With T3 fungicide application timing approaching to control fusarium in Ontario’s wheat crop, many growers are wondering whether to spray or not to spray.

With the hot, dry Ontario weather pushing into late May, there’s little or no disease in the crop and disease levels could decline further if moisture continues to be scarce. For RealAgriculture agronomist Peter Johnson, the decision to spray a fungicide in wheat comes down to two key factors: “how dry is it going to stay and how hot is it going to get?”

If the weather becomes more moderate, disease levels could increase and wheat plants could benefit from fusarium protection. Adequate moisture and a reprieve from the early-season heat could also mean a longer grain filling period, which would allow the crop to benefit from a T3 fungicide’s ability to enhance plant stay-green, says Johnson. He notes that U.K. research has shown that yield will increase three bushels per day, for every extra day the plant stays green during the grain fill period.

As long as the weather cooperates from a rainfall and temperature perspective, T3 fungicides will deliver as advertised, says Johnson. “They will keep it green and bring added yield to the table, but if it goes crazy hot then all bets are off.” To support his point, Johnson reminds us of the the hot, dry grain fill conditions that growers in Ontario’s Essex and Kent Counties experienced during 2020. It was too short and too hot and T3 herbicides delivered very little yield bump.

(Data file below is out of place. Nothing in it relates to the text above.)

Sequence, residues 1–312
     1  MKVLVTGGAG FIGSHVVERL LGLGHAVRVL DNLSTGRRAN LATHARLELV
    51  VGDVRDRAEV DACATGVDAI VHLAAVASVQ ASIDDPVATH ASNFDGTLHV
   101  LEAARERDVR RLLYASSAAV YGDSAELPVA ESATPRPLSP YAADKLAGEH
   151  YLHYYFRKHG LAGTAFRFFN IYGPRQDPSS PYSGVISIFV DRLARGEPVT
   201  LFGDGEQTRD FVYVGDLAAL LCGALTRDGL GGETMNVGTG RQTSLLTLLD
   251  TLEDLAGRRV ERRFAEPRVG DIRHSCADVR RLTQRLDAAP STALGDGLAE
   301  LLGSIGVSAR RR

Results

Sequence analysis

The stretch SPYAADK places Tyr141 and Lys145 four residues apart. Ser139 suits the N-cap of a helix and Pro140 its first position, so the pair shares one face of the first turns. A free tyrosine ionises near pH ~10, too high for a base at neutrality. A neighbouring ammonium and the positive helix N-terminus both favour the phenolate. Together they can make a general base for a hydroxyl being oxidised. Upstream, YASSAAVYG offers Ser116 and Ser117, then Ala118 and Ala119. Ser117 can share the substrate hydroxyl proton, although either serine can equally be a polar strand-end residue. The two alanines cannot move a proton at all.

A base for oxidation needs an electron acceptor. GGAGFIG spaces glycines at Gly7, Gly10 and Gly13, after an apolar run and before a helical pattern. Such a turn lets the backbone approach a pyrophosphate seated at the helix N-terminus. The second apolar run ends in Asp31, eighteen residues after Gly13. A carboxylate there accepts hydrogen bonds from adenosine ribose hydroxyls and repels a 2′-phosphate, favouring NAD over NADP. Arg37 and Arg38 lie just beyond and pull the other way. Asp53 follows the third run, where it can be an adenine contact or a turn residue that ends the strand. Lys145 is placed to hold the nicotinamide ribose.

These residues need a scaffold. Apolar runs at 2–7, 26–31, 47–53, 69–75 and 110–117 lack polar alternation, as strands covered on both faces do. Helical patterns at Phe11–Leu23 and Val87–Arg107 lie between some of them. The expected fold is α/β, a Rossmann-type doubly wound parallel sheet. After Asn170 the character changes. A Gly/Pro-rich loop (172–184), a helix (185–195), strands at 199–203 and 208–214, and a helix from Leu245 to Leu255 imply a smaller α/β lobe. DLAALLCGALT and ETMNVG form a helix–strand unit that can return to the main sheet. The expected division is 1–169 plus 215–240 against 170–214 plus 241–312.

Johnson, and other agronomists attending a virtual Exeter/Mount Forest Agribusiness meeting on Tuesday, agreed that it’s too early to give up on a wheat crop that still has significant yield potential and can capture a strong market price.

Pioneer agronomist Greg Stopps noted that a significant portion of the crop has not yet reached the T3 timing and growers have some time to mull over their decision. “I would be a little worried if there is rain in the forecast or if humidity is starting to go up again through that flowering window,” said Stopps during the meeting. Under these circumstances, forgoing the application would elevate risk.

BASF agronomist Rob Miller said it’s just too early for Ontario growers to give up on the wheat crop. “We haven’t even hit flowering. We’re just coming out of the boot,” said Miller, noting there are more moderate temperates in the forecast and some rain potential.

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